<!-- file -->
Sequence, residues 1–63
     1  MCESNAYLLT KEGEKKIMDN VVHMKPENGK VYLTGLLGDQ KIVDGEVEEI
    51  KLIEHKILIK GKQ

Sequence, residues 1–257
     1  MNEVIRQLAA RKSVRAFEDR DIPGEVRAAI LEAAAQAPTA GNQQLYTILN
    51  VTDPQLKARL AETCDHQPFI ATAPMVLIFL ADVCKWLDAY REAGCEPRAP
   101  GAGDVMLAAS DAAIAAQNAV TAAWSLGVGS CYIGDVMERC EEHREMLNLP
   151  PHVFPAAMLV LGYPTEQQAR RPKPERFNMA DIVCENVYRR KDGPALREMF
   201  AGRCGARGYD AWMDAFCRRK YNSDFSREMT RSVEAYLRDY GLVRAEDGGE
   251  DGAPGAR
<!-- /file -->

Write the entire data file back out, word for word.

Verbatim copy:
Sequence, residues 1–63
     1  MCESNAYLLT KEGEKKIMDN VVHMKPENGK VYLTGLLGDQ KIVDGEVEEI
    51  KLIEHKILIK GKQ

Sequence, residues 1–257
     1  MNEVIRQLAA RKSVRAFEDR DIPGEVRAAI LEAAAQAPTA GNQQLYTILN
    51  VTDPQLKARL AETCDHQPFI ATAPMVLIFL ADVCKWLDAY REAGCEPRAP
   101  GAGDVMLAAS DAAIAAQNAV TAAWSLGVGS CYIGDVMERC EEHREMLNLP
   151  PHVFPAAMLV LGYPTEQQAR RPKPERFNMA DIVCENVYRR KDGPALREMF
   201  AGRCGARGYD AWMDAFCRRK YNSDFSREMT RSVEAYLRDY GLVRAEDGGE
   251  DGAPGAR